There's a whole "order" you're supposed to be following when working toward financial freedom. In fact, some gurus -cough- Dave Ramsey -cough- will tell you that you need to pay off ALL your non-home debt before you start investing. But should you really tackle your lower-rate student loans or other debt before you let compounding returns work in your favor?

We're not so sure. Let's take a look at investing while you have debt and how to decide what to tackle first—or even if you need to choose.

There’s a lot of talk about how you should go about paying down debt and putting off investing for a minute. We look at:




A quick and dirty look at Miranda’s situation

One of the big things we talk about in the show is the fact that Miranda just went ahead and invested instead of paying down her low-rate student loan debt. Here are some of the deets about the student loan payments:

* $53,400 (undergraduate + graduate), consolidation in 2005 for payoff in 2030

* $223.79 monthly payment

* 1.9% interest rate

Using the Student Loan Planner payoff calculator, Miranda could have saved $3,941 by making an extra payment of $100 per month and being done in a little less than eight years.

Instead, by putting that extra $100 per month in the S&P 500 via an index product and reinvesting the dividends, the result is a final value of $66,498.65, not accounting for capital gains taxes, by investing from December 2005 to December 2023. Even subtracting the $4,000 in savings in interest, that’s still coming out ahead by more than $62,000. Miranda still has some years to go before those loans are paid off, so the value is still there. (Calculator used is from DQYDJ.)

If Miranda had started in December 2013, after paying off student loans early, the value of her portfolio with only that $100 extra payment, would have been $22,360.

Miranda’s total interest cost will be $13,724 at the end of 2030. With a total overall value of nearly $53,000 after interest costs are subtracted. But only with gains through December 2023. This doesn’t account for gains through the end of December 2030. Let’s start with $53,000, assume only 7% annualized returns, and $100 a month. According to the calculator, the portfolio value would be close to $95,500.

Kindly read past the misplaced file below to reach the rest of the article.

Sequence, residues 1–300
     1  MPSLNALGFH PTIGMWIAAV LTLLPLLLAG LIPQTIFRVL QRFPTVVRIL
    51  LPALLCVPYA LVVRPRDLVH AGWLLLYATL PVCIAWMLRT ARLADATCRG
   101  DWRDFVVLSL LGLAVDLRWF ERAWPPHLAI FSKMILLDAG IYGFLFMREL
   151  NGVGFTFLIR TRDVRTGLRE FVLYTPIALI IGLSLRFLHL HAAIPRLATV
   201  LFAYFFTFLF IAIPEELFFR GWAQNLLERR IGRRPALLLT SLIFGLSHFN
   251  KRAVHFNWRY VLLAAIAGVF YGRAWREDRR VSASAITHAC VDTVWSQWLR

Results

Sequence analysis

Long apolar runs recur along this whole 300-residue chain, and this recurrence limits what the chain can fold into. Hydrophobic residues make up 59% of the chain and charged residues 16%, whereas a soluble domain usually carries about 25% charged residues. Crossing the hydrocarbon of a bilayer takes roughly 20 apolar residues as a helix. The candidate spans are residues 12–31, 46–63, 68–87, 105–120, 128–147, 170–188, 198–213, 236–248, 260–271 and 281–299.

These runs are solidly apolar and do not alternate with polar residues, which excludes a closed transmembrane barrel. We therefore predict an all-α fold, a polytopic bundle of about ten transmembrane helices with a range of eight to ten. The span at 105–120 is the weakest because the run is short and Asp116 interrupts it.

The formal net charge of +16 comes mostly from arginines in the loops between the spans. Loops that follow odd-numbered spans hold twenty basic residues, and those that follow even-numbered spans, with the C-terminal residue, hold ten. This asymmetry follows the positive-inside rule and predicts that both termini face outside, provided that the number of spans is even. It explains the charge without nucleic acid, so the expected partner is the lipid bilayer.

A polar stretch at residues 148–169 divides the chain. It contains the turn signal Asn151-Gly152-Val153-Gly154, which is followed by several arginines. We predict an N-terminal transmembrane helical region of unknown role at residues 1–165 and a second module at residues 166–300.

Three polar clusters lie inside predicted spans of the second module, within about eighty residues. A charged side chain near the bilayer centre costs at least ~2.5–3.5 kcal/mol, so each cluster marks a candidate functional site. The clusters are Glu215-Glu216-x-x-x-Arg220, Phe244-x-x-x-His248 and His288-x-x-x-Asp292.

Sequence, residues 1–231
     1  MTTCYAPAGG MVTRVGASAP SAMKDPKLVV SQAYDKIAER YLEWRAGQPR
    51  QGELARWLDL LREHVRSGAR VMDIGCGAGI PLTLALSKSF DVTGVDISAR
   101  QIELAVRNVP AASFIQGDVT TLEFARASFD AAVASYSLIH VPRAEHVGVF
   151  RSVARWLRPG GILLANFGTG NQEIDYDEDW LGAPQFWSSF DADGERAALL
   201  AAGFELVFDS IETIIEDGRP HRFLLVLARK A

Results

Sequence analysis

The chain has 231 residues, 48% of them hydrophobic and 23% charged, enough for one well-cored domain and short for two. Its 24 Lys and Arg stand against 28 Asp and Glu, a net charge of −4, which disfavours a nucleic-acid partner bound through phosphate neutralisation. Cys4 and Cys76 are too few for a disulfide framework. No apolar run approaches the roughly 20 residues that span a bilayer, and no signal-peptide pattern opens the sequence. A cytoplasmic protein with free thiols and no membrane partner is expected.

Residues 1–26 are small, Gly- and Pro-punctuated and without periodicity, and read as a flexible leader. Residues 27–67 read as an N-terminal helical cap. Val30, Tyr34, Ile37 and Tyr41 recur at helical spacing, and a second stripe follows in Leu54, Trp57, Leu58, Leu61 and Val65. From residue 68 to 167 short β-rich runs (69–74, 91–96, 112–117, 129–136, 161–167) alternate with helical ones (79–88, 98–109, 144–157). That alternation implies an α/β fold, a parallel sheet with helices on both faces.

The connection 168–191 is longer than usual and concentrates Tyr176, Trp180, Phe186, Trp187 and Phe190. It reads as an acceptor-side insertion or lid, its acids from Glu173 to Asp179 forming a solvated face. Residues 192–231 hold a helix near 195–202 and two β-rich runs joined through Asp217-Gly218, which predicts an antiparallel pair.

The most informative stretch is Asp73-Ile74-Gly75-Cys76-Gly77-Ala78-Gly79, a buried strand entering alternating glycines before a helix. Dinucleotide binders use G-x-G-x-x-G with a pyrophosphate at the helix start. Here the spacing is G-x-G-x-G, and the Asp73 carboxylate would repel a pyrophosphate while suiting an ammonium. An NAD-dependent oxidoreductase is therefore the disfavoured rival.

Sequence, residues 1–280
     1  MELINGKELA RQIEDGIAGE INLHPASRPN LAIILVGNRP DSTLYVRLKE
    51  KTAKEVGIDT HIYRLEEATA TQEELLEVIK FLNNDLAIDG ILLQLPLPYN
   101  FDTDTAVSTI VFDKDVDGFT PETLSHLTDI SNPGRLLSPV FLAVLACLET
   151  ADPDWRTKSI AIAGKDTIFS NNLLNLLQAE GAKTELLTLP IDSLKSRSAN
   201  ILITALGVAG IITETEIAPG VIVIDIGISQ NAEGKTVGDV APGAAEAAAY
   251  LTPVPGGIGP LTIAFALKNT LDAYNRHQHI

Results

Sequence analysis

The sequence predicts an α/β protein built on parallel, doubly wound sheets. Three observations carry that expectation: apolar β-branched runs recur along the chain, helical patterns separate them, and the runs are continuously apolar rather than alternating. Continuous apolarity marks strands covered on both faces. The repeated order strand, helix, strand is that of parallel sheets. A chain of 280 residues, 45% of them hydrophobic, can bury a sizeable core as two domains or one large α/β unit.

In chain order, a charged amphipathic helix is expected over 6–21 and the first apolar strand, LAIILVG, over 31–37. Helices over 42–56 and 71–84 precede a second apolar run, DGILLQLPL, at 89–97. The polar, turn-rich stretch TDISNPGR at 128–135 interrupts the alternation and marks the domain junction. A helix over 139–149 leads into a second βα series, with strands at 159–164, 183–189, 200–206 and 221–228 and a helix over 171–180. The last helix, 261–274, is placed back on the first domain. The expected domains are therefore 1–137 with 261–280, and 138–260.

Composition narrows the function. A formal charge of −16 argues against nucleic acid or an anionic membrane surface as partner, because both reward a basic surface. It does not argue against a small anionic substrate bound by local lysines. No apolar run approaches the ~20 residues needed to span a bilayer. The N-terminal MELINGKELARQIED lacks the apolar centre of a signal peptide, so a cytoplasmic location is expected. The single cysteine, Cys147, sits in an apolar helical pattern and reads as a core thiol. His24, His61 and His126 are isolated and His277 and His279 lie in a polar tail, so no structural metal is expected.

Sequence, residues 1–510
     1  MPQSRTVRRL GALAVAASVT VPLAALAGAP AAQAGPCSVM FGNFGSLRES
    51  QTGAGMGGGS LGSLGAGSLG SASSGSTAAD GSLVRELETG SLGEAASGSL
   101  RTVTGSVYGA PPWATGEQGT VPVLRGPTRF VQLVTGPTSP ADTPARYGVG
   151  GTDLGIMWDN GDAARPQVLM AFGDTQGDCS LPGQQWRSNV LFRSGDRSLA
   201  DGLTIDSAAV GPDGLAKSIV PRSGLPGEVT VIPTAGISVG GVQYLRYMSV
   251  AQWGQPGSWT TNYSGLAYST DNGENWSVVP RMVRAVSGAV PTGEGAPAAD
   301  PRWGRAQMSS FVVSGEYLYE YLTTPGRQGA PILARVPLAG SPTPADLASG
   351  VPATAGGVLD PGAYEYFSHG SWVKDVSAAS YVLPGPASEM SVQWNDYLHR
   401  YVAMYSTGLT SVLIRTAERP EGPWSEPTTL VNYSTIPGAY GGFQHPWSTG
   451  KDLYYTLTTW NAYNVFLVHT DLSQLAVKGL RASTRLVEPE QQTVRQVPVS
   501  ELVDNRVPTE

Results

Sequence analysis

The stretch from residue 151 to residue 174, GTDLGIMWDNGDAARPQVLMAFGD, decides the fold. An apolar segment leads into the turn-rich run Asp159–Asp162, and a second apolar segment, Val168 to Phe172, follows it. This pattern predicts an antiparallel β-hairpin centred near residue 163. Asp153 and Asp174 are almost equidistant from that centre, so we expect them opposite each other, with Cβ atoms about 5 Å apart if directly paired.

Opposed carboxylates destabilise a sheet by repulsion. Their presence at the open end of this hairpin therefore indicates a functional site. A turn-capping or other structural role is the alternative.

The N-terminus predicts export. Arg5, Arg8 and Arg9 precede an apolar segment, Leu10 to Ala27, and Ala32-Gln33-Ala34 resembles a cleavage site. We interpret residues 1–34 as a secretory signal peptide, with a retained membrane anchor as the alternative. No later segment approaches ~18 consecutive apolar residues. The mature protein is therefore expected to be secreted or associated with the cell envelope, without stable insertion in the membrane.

As it is, Miranda will be Coast FI before the student loans are paid off, and she has invested much more than that extra $100 a month over time. Consider running the numbers on your own, taking into account interest rates and potential returns before deciding to put ALL of your extra money into debt paydown before investing.

Why you might want to invest, even with debt

Investing can help us look forward to the future. We reference the idea of “prospection” and how it can help your mental health.



We also reference a study that indicates 48% of credit card users have to use them for living expenses (, so investing a little bit now can give you something to look forward to while slogging through daily life. Even if you’re just putting a bit of your paycheck into a 401(k).

We reference wages, and how they aren’t keeping up with anything resembling a living wage.

* MIT’s living wage calculator: $25.02 per hour, average in the U.S.

* Statista: Average hourly wage for all U.S. workers is $11.05

* DOL: Federal minimum wage is $7.25

It’s practically impossible to prepare for the future without some type of investing, even if you have debt.

How to decide between investing vs. paying off debt more aggressively

* Consider potential annualized returns: Rule of thumb is about 9%, based on S&P 500 returns over the last 25 years (see:

* Look at your APR: Debt below 6% might be worth slowly paying down while you invest. Maybe start with debt above 15% APR for aggressive paydown

* Create an allocation: Maybe put 90%-95% of your available income toward debt reduction when tackling high-rate debt while still investing 5%-10%. Then, as you get rid of higher-rate debt, shift the allocation, so you’re putting more toward investing with lower-rate debt remaining.

This episode’s financial resource:

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* Sarah Li-Cain

* Miranda Marquit

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